Reading your opponent is vital skill for a poker player to learn. All players have different playing styles that affect how you approach them during a game. Being able to spot the tell-tale signs of a novice or expert player can really hep. Every interviewer you face will be different too, and being able to read them as a person can be a huge help. Although you may have prepared your answers, be prepared to improvise. If your interviewer starts cracking jokes, it may indicate they’re open to a more casual interview style. If they maintain a serious tone throughout, maybe stay away from the ‘knock-knock’ jokes…

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React to ‘tells’

The poker ‘tell’ is something that all pros try to avoid. It gives an insight into what a player has in their hand, and means other players can easily take advantage. When a player sees these tells, they have to react to them. In the same way as a nervous cough at the poker table can indicate a weak hand, look out for tells from your interviewers that might indicate how well it’s going. Pay attention to things such as whether they look interested or if they are distracted and looking at the door. Whether positive or negative, tackle the issue head on. If they’re disengaged, lean forward and engage them. Do their ears perk up when you talk about an element of your experience? If so, try to elaborate and make the most of it.

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Play your poker face

The stereotypical poker face is cold. It’s a technique used to remove all emotion from the poker table, so other players are left in the dark about what you hold in your hand. Although you probably don’t want to show so little enthusiasm in a job interview, it’s also advisable not to overplay everything. Being overly keen can be just as bad as looking disinterested, and you want to maintain at least an element of leverage in the situation. If you reveal all your weaknesses from the get-go then, if you do get offered the job, the employer has the upper hand.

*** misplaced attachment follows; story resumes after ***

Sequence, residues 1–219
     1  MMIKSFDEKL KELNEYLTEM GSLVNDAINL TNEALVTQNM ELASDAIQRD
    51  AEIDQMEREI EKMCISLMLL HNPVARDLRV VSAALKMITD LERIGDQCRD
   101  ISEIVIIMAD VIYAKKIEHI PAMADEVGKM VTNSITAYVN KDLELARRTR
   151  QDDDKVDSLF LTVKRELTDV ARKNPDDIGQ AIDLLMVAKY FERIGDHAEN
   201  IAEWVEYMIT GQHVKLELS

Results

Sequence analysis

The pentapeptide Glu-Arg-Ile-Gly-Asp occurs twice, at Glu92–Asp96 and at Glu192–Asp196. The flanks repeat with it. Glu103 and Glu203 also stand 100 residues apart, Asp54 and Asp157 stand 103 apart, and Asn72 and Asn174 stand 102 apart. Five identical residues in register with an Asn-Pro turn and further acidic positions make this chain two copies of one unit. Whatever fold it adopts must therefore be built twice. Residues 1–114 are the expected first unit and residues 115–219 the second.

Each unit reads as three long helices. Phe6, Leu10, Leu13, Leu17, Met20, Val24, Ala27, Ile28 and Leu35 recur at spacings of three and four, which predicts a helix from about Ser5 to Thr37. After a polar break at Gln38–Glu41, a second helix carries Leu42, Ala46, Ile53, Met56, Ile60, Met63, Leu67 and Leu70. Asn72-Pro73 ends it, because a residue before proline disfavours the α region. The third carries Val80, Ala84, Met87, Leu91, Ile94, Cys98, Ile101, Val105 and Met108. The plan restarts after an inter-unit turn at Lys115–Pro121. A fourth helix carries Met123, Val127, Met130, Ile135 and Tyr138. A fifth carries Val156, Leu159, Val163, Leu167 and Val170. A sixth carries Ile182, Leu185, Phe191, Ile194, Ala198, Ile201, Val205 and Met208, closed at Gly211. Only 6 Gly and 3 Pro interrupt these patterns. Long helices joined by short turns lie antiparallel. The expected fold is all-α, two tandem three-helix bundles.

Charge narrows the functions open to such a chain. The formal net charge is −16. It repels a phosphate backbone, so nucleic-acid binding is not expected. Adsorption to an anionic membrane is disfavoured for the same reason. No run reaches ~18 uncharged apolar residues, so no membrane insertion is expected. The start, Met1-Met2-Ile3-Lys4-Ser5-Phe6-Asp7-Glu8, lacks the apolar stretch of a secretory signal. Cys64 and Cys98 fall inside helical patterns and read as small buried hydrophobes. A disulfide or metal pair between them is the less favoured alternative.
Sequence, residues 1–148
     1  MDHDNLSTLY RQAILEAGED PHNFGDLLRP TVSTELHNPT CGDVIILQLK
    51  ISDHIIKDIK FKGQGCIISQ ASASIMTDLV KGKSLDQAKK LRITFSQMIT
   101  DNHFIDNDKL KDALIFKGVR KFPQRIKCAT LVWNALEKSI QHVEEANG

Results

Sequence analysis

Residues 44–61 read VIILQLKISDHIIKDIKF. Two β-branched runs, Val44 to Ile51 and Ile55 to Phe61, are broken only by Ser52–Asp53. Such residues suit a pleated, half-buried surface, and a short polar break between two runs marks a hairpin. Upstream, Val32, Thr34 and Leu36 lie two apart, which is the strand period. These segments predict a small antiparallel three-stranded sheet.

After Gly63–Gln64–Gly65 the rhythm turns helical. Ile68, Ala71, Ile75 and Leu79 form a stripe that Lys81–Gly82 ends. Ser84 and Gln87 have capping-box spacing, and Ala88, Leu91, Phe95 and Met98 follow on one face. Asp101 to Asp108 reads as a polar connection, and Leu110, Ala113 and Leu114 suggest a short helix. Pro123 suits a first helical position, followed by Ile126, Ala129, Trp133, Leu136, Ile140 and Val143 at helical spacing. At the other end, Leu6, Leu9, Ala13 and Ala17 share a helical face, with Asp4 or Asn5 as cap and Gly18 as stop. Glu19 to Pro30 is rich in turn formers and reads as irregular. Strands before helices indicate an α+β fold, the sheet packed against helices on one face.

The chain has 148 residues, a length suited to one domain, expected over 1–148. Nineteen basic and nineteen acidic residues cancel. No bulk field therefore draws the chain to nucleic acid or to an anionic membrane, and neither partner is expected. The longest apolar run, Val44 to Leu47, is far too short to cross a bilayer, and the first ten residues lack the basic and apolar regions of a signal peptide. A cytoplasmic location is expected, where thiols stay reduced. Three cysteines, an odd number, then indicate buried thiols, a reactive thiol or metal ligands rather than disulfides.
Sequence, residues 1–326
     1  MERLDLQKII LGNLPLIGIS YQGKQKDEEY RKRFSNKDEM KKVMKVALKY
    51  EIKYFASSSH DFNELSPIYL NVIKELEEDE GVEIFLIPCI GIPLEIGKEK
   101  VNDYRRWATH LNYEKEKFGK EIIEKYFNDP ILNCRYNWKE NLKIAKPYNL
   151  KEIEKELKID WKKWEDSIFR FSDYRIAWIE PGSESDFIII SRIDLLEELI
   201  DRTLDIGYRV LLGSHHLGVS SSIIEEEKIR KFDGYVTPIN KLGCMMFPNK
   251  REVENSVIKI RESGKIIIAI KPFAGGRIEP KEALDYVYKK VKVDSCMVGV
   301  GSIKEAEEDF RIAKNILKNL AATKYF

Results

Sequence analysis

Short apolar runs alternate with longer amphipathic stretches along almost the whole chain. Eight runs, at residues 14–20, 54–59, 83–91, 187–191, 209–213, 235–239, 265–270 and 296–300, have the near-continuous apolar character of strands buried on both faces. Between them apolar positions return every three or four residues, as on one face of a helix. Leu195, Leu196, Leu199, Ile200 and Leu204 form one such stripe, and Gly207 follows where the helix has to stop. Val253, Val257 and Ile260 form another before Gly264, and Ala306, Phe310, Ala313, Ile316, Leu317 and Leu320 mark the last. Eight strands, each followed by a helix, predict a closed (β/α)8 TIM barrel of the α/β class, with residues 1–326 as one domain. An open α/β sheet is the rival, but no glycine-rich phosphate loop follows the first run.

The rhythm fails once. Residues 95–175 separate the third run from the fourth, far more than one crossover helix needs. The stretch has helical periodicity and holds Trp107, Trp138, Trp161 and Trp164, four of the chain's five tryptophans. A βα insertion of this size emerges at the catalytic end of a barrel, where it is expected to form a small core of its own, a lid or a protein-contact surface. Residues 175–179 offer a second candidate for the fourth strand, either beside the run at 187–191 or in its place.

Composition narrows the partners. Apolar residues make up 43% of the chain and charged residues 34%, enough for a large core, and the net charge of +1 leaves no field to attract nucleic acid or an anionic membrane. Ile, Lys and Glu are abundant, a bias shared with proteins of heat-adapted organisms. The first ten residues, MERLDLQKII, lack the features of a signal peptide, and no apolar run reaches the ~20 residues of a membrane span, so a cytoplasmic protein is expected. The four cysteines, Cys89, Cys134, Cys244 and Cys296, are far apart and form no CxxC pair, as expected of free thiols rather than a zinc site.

Learn from your losses

If you don’t learn from your experiences at the poker table then you’ll struggle to improve. Whenever you lose a hand, there’s a reason behind it. Did you underestimate an opponent, play a lazy hand or not think fully about all the eventualities? Whatever the reason, you need to learn from it to make sure you don’t make the same mistake again. The experience you gain from multiple job interviews is invaluable but can be so much more useful if you break down the successes and failures of each analytically. Look back on interviews after they’ve happened and note down anything positive or negative you noticed. Ask for feedback from interviewers and figure out how you can do better next time.

Don’t be afraid to call their bluff

Calling a player’s bluff is a risk in poker, but one that can really pay off. In the same way, an employer may start to discuss salaries during an interview. If you think they’re ‘lowballing’ you, then don’t be afraid to be honest. Pay expectations are a very personal thing and will be different for everyone. Don’t go too overboard with requests, but remember: you’ve been invited for an interview because an employer is impressed by you, so don’t be afraid to ask for what you deserve.

Don’t worry about the money

A high stakes poker player doesn’t see the money when they’re playing. They may see the chips, but they’re concentrating on playing the best game possible, and that’s what you need to do as an interviewee. Rehearsal and practice should make you more confident, but it’s best to focus on making sure the meeting goes well. If you start worrying about your future (potential) job and not how the person in the room perceives you, then you’re not focusing on the right thing.